Mews Houses

Christina here. Wench Anne has recently been talking about the hidden gardens of London – green oases of calm in the midst of all the grand houses in the fashionable areas of town. But there were other hidden areas there too, much less impressive and kept out of sight of the rich people – the mews. Those of you who read Regency novels are probably very familiar with the term. Many of the big houses in London had a set of adjacent buildings containing stables, a carriage house and usually also accommodation for coachmen, grooms and their families on the levels above. These buildings were situated in a sort of small back alley behind the main house, mostly running parallel to the street at the front. Ironically, although they were built for servants and horses, these days they are very sought after.

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Meeting Readers

Rare lightsChristina here. Authors are mostly solitary creatures, holed up in our lair with just our characters for company, and snarling at anyone who interrupts us when we’re in the writing zone. But sometimes we need to get out and see people, and one of the very best things is meeting readers. Having someone buy your books or tell you that they enjoyed one of your stories is lovely, and although getting messages like that on social media is always appreciated, meeting readers face to face is even better. So when I got the opportunity to join a big book signing event at London’s ExCel exhibition centre recently, I jumped at the chance. It was something I simply couldn’t miss!

Rare bannerRARE (Romance Author & Reader Events) book signing events are organised by two indomitable ladies, and they move around to venues in various different countries around the world. It’s been held at places like Melbourne, Paris, Berlin and Edinburgh, and there are lots more to come. The aim is to bring together as many authors and readers as possible for one-day book signings, but it has also created a romance reading community. There’s a dedicated FaceBook group and RARE can also be found on Instagram. Some of the readers travel huge distances in order to attend, and they are very enthusiastic and loyal. It sounded fantastic, and I couldn’t wait to take part.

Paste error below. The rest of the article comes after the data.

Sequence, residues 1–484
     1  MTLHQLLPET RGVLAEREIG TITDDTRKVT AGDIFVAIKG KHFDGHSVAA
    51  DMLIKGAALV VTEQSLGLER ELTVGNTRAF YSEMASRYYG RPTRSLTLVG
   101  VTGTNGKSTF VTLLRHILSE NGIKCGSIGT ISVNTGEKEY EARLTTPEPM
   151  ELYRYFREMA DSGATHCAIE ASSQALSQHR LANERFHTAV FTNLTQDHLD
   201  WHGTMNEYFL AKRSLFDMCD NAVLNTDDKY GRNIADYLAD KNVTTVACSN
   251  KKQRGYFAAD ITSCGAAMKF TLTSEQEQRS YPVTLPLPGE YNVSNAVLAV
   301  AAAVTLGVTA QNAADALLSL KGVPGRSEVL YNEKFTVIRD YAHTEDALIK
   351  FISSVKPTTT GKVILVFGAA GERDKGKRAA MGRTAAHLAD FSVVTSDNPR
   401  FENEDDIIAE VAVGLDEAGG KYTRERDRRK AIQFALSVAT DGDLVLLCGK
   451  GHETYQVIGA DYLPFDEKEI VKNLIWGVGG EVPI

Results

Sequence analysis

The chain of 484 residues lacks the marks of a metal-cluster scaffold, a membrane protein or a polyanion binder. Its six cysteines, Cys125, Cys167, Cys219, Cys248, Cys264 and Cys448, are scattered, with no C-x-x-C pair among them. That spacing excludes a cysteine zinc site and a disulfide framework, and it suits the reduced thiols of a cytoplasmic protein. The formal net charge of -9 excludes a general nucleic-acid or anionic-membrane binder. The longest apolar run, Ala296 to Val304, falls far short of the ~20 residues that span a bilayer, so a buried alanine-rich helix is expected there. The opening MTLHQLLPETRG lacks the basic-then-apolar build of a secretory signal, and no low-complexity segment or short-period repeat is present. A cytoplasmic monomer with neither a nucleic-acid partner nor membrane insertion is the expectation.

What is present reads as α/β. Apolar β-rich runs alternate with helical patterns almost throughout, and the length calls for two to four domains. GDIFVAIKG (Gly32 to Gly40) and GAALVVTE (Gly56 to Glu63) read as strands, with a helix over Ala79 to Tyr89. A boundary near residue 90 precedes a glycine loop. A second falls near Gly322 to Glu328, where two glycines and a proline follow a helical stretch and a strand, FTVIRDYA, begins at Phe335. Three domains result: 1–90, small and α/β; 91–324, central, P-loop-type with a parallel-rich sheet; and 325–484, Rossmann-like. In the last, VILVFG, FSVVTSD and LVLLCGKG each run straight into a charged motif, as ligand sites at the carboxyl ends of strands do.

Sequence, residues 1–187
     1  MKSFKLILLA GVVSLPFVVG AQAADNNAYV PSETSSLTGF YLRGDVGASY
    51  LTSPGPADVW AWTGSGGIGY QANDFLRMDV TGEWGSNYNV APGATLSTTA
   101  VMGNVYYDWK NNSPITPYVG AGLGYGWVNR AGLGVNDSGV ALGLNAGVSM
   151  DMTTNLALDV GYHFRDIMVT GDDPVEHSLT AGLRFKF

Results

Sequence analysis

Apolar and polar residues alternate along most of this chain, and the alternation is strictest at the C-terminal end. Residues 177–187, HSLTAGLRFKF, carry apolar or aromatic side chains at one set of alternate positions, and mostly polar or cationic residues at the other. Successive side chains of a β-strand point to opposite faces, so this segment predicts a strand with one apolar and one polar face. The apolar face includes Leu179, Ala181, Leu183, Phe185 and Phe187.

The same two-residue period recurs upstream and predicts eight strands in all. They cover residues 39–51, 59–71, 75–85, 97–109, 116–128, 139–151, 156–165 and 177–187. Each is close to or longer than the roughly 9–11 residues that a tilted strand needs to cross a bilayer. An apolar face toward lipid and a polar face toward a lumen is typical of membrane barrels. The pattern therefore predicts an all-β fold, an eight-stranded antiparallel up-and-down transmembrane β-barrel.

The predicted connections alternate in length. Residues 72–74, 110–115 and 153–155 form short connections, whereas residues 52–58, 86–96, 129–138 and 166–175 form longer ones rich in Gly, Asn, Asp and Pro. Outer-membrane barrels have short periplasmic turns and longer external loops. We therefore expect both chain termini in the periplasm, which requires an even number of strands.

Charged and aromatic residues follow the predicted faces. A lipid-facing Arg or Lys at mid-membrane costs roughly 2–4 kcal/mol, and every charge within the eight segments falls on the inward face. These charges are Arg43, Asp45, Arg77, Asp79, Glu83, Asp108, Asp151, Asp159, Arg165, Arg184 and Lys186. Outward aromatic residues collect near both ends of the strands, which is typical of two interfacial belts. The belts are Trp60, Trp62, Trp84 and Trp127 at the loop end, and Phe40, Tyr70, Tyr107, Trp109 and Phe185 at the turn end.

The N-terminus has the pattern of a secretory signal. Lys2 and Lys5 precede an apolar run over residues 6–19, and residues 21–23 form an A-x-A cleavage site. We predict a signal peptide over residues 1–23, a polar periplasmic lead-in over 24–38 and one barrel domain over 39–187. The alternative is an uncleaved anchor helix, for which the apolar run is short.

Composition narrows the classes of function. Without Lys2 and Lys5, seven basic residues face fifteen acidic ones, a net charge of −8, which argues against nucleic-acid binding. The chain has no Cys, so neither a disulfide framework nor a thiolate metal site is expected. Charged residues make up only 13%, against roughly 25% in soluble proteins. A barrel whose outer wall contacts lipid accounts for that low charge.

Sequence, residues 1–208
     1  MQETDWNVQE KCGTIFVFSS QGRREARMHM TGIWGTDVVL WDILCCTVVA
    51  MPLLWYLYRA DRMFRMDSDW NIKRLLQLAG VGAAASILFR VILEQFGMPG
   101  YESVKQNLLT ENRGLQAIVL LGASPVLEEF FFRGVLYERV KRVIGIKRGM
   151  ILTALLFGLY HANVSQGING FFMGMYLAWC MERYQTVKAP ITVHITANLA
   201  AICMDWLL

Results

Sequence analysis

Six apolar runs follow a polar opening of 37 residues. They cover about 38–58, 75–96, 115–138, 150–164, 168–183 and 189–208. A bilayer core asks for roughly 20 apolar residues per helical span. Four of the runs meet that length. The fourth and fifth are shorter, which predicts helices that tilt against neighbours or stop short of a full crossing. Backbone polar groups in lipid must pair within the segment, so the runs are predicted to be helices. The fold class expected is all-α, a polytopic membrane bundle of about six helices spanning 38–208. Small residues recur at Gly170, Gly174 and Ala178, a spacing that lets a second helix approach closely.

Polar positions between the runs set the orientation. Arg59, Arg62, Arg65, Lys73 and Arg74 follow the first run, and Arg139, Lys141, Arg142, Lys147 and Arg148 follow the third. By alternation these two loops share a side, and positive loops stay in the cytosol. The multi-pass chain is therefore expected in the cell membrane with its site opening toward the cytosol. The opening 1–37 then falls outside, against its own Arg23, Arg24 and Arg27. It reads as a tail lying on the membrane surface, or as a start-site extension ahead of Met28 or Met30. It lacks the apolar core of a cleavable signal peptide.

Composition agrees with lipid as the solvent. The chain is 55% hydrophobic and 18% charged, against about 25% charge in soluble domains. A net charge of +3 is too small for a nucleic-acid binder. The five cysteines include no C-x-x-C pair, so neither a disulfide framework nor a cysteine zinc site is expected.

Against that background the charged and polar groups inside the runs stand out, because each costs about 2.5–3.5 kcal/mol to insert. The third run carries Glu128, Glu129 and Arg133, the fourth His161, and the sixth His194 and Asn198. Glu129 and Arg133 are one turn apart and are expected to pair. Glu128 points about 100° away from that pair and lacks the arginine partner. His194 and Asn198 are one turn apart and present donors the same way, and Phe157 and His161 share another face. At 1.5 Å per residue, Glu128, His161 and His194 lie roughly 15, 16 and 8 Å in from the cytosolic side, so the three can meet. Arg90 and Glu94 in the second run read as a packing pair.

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Peace of Amiens

The Peace of Amiens

Mary Jo

NotreDameDeParisMost Regency readers and writers are generally aware of the Peace of Amiens, a 15 month period of peace from March 1802 until May 1803.  It's the marker between the French Revolutionary Wars and the Napoleonic Wars and was the only period of general peace in Europe until 1814, when Napoleon abdicated his throne.  (1815 was when he returned from exile, reigned for the Hundred Days, and was responsible for the slaughter of masses of men at Waterloo.)

 

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London Calling!

IMG_0978London calling!

by Mary Jo

Did you know that cruise ships migrate like birds?  In summer they flock to Europe, cruising from Nordic regions to the Mediterranean and more.  In autumn, they turn and head to the Western hemisphere, particularly the Caribbean.  They do this because tourists follow the sun, and so do the cruise ships.

This means that ships do repositioning cruises twice a year, spending days crossing the Atlantic with very few ports of call.  This is great if you like lots of lazy days at sea and the Mayhem Consultant and I do.  Hence we cruised from Southampton in England to Miami, with three stops in Europe and seven glorious sea days. 

 

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The Big Stink

Pumpingstation abbey millsPat here—dragging you down into the sewers with me. Silly me, I started poking around Roman sewers for a plot point in next spring’s School of Magic series, and then, of course, I had to look up Victorian sewers to see how my various heroes would repair the plumbing in their respective renovations. (Ask me about our 21st century plumbing problems, and you’ll know where I get my ideas!)

My poking dropped me down a research bunny hole I thought you might find entertaining. I don’t suppose any of you have ever seen the fabulous Victorian pumping stations in London? (That's the Abbey Mills station in the photo) Absolutely enormous, decorated better than any early 20th century movie palace—for sewage. The mind boggles. So does the story.

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